Taglines are not commonly used by the various fragrance advertisements. It was observed
that only two of eight advertisements have well defined taglines. However, there is no
visible connection tied between the two of them. Moreover, the taglines used are not
affecting the memorability of the brand or the name of the fragrance to a great extent. It
was observed that it takes time to memorize a tagline. As a result, the theory of using a
tagline to help the reader remember the brand name or the name of the fragrance is not
observed in this study. The observations show that the taglines are the second or third text
element noticed; hence they are not of a significant meaning. One pattern shows that
focus is put on remembering the brand name or the name of the perfume instead of
remembering a tagline. Hence, the tagline is just used as an attempt to strengthen the
name of the fragrance. Consequently, the analysis of the taglines is not in accordance to
Wells et al.’s (2000) theory, which claims that taglines are often catchy and memorable
phrases used at the end of an advertising to complete the message. This is because the
few advertisements that use a tagline will not help to remember the brand name in a
better way. The patterns of the use of taglines and further observations are stated in Table
Table 5.2: Issues Concerning the Body Copy
“The new perfume”
“Introducing Eau de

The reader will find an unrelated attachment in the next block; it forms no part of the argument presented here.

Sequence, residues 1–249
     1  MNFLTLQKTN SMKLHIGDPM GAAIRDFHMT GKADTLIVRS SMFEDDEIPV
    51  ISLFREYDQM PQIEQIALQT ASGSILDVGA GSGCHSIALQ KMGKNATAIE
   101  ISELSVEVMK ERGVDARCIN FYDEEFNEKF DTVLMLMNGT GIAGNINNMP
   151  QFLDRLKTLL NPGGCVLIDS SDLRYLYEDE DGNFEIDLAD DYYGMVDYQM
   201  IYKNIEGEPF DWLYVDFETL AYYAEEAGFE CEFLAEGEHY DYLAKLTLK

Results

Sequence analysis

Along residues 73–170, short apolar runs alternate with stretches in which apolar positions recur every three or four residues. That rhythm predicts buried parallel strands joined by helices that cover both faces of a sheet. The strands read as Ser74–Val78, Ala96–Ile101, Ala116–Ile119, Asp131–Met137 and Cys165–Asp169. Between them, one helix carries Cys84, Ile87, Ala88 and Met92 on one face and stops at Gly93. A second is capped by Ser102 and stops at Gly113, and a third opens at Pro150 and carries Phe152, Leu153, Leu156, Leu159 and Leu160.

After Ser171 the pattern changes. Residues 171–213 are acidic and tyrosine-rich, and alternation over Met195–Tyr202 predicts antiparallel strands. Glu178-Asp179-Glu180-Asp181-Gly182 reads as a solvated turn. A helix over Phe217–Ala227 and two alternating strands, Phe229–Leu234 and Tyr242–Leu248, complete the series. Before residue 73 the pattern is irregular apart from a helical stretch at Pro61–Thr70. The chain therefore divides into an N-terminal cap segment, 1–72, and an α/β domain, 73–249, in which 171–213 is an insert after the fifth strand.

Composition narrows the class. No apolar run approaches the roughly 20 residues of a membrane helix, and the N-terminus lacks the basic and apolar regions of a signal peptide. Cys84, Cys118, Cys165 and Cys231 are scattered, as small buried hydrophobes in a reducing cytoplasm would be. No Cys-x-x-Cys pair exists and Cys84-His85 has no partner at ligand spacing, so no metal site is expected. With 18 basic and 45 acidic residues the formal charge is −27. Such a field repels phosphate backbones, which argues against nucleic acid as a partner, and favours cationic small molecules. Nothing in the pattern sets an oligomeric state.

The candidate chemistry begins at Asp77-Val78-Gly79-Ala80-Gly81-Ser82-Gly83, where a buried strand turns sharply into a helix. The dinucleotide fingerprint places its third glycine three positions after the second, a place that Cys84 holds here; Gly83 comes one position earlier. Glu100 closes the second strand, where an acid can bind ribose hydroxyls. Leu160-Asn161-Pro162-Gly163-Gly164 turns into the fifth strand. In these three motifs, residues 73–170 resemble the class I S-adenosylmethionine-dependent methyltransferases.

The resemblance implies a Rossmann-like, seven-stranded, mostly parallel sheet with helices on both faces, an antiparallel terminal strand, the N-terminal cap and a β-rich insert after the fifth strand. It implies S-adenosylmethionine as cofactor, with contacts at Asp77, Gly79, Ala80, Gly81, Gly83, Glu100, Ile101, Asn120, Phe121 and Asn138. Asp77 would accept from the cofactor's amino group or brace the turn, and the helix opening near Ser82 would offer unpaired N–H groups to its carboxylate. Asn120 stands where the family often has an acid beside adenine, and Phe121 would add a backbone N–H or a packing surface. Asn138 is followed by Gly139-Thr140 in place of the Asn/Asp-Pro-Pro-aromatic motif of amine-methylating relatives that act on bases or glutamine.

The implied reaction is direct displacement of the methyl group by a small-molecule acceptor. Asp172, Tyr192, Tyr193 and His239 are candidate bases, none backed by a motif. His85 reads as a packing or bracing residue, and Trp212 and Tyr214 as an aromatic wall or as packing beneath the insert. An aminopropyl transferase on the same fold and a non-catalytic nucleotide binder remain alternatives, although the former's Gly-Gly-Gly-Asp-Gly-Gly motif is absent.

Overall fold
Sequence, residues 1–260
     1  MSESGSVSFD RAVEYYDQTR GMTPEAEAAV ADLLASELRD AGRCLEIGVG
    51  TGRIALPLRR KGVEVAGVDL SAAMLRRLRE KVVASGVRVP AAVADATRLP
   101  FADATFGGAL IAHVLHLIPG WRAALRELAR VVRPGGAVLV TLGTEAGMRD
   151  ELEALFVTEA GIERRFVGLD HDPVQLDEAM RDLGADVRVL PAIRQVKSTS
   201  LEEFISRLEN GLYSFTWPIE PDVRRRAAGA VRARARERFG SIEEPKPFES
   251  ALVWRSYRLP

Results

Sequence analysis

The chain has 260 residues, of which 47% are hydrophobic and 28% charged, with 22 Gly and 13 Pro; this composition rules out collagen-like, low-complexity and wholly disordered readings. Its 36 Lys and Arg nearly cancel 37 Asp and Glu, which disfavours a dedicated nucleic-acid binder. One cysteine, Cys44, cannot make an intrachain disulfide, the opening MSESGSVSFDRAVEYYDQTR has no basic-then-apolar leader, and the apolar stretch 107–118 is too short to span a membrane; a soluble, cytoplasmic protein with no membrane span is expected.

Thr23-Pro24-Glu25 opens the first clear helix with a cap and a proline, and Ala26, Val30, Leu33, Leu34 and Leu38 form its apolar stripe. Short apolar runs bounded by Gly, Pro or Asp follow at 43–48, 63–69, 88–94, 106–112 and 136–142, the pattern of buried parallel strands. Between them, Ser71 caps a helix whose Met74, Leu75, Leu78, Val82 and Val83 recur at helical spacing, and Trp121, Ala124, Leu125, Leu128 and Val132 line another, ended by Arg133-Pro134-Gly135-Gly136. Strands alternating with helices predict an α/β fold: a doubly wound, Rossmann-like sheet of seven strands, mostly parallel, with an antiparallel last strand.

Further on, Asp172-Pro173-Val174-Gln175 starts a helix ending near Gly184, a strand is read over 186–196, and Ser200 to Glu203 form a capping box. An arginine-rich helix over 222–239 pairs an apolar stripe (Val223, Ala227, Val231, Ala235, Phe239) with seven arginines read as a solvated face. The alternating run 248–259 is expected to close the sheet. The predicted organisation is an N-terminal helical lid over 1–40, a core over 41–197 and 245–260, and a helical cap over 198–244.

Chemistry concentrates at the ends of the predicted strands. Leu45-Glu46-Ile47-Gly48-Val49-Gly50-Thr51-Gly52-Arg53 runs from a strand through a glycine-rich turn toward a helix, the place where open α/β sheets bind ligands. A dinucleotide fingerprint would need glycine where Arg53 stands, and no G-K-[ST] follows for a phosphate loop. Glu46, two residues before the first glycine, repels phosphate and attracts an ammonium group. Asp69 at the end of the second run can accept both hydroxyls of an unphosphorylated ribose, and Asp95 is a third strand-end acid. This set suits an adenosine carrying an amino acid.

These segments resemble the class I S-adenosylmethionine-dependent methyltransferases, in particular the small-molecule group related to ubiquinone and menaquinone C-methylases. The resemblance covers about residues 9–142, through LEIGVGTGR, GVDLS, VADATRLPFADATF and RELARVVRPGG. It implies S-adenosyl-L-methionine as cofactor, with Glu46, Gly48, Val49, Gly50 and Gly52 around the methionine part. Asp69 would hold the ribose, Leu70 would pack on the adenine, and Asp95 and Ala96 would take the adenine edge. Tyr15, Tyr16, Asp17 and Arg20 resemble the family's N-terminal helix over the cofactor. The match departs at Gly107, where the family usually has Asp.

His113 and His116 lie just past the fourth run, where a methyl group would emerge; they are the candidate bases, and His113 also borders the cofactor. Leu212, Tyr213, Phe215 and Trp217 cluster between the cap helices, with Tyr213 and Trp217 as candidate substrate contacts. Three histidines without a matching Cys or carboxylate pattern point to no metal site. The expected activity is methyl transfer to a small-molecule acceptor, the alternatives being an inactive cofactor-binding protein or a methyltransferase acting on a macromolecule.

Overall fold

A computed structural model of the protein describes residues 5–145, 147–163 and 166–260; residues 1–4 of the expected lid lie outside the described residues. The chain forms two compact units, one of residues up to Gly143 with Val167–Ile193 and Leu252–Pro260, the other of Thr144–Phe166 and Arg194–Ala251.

Tagline works as an
Tagline works as an
Marc O’Polo Midsummer
“Two new fragrances for
her and him”
Naomi Campbell Sunset
“A NEW fragrance”
“The new fragrance for
Same as opening
(unnoticeable web page
Same as opening
Provide web page address
“A declaration of
“You make it happen”
Same as opening
(slightly unnoticeable web
Same as opening
Same as opening
Same as opening
(Slightly unnoticeable web
Based on patterns, there is no definite body copy in the various advertisements. The body
copy is often a short sentence or two, existing of two words or more, which is printed in
smaller type than the display line. The fact that the body copy is written in a smaller type
measurement is in accordance to Wells et al.’s (2000) theory, which claims that the
headline is the largest text in the advertisement. The pattern that appeared when it comes
to the actual opening and closing of the body copy is that most of the advertisements have
the word new in it. For instance, Clinique Simply introduces with the line The new
perfume and uses it also as a closing. Naomi Campbell Sunset starts off with the line a
NEW fragrance, and the pattern continues in most of the advertisements. Moreover, the
definition of the body copy can be hard to acknowledge, because it works as both an
opening and a closing in most of the analyzed advertisements. Furthermore, one thing
noticeable is that the advertisements have no existing body of the body copy; just an
opening and a closing. Consequently, the correct use of body copy does not correspond to
Moriarty’s (1991) theory, which suggests that a well developed advertisement should
have a body copy consisting of three vital parts; a well defined opening, a body of the
actual body copy and closing.
Moriarty (1991) claims that the final function of the closing is to provide the corporate or
store signature. This can be a distinctive logo or name of the company and is expected to
be at the bottom of the advertisement. The logo is found in most of the advertisements but
is not placed at the bottom of the advertisemen and therefore it responds partwise to
Moriarty’s (1991) theory. Furthermore, Wells et al. (2000) assert that a closing is often
ended with a call to take action with instructions on how to respond. This theory